Friday, July 11, 2014
Stories of Civil War Survivors - Gideon Inman
Stories of Civil War Survivors
This is the fourth of the five stories of Civil War Soldiers and Others of the Oak Creek Valley from Part III:
“American Centennial at the Homeplace: The Founding (1833-1876)”
Before the war, I had the real estate and land business along with being town clerk. At the suggestion of Jake Patton, and working closely with him, we had maintained a complete duplicate copy of the Oak Creek Township land records, for our own reference. As war came, we both realized how important those records might be if and when we were all able to return to the valley. I kept all these records with me when I removed to St. Louis and obtained a civilian administrative position with the US Army there. From that position, I was able to keep in touch with Jake throughout the war. Early on, almost as a hobby, I decided to try to keep in touch, by correspondence, with the property owners of our Oak Creek Township.
Between our locations in and around St. Louis, and in and around Jefferson CIty, we had what truly acted as a ‘government in exile’ and to a large extent, we acted that way. We could only hope it would be worthwhile, but I know each of us felt that it was.
By the fall of 1864 we began to feel hopeful, and by spring of 1865 we began serious and specific planning. We supported and encouraged those first four young men to be ready to re-enter the Oak Creek valley in May of 1865. Along with Lewis Truesdale, Jake Patton and Owen Olson were making specific plans for the return of the next wave of returnees, along with recognizing who would not be returning immediately. Victor Campbell, Hugh Truesdale and I were regularly involved in developing these plans, as well.
It was during this planning period that we developed the idea for a “letter of intent” to return to owned property. It was purely speculative, during mid-1865, of course, because we didn’t know what was ‘on-the-ground’ in the valley, at that point. Once we established that conditions appeared conducive to returning and rebuilding, we stepped up our efforts to contact every property owner.
By the fall of 1865, after actual visits to the valley and return, and Jake Patton’s return to participation in the County government, Jake, Victor and I formed the Oak Creek Real Estate and Land Office to carry out our plans. We built an office building in the spring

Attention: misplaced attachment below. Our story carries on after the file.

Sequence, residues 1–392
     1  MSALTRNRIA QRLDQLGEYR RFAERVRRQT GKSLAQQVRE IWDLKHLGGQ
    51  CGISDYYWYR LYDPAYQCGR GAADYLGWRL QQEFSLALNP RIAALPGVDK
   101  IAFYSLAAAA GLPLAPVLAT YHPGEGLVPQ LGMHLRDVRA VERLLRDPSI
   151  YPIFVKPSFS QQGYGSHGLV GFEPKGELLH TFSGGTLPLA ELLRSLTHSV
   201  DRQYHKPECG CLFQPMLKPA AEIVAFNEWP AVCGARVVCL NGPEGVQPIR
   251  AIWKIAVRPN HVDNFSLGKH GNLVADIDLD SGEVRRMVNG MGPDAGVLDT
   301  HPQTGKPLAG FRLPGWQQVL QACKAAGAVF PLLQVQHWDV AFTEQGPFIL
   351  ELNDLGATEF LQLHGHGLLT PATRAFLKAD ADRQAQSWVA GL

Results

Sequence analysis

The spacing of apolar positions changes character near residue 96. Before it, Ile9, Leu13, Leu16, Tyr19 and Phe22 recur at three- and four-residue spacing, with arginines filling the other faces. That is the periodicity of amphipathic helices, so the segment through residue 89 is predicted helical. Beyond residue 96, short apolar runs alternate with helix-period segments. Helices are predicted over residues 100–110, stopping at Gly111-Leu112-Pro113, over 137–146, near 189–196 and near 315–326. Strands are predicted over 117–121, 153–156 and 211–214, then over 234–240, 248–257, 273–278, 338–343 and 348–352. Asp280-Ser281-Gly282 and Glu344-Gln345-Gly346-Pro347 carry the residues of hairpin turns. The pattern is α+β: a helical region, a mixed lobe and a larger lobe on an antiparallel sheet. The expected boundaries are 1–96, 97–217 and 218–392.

of 1866, and moved back to that office to continue our efforts. Two related matters were that the Oak Springs Bank now had a board consisting of Jake, Victor and David Baldridge, and, we had agreed on a new town council, though we waited until later in the fall to have the ‘election.’ Over that winter, I had developed a fairly complete list of the intentions of the bulk of the Oak Creek Township property owners I had been able to contact.
On a personal note, my son, Jacobi, had taken a position with a bank in St. Louis during the war. He had decided to stay there, where his wife continued to suffer through several illnesses. In the summer of 1865, she had taken a turn for the worse, and died. By the fall, he was talking to Victor about returning to Oak Springs when the bank was ready for his continuing services. My wife, Louisa, and I, of course, had already indicated our intention to return in the spring of 1866.
Among the reasons for forming the Land Office company early on was to be in a position to buy and sell available lands not re-claimed and re-settled by returning folks. A date of December 31, 1870, was set as the limit for reclaiming. This date was confirmed by a court order during the ‘reconstruction’ period, as well.
We also suspected that many pieces of property in the county would likely be available at ‘distress sale’ prices that were still owned by the government. These included scrub forest, rocky, and other such properties undesirable to most wanting to make a living farming. We decided to create the Oak Creek Forest Trust for these purchases, with Jake, Victor and I as the initial trustees. We were correct in that assessment and are continuing to add land to the trust as I write this. The trustees of this trust are dedicated to making these lands most useful to the ‘general good’ of the Oak Creek valley community, without making any early, specific commitments. If a trustee dies, or can no longer serve, the other trustee are empowered to select a replacement. Any residue in the trust, on dissolution, must be turned over to a governmental unit within Oak Creek Township. Trustees are free to buy, sell, or lease any assets of the trust at any time.
We were saddened, of course, to receive word that some of our residents had died, for various reasons, by 1866. On the other hand, we were gratified at the number who let us know they were returning, and when they planned to do so. We also appreciated those who let us know they would not return, and provided the required documents to make their lands available to future residents. I could count on the fingers of one hand the number of properties that were left in limbo for a long period of time, and we were able to get the courts to take appropriate action on those.
There have been a few new people move into the valley since the war, though not as many as I had hoped. The single largest number were men who served under Lewis Truesdale in his cavalry company. I think that number now stands at six men, each with a young wife. Tough economic times, throughout the country, in recent years, has at least partially contributed to a slower than hoped for growth. We will continue to be optimistic, however, as we move forward, working hard, for the betterment of the entire community.
Upcoming Stories of Civil War Soldiers and Others
*** Owen Olson
May we each have a Homeplace, if only in our hearts!
Dr. Bill ;-)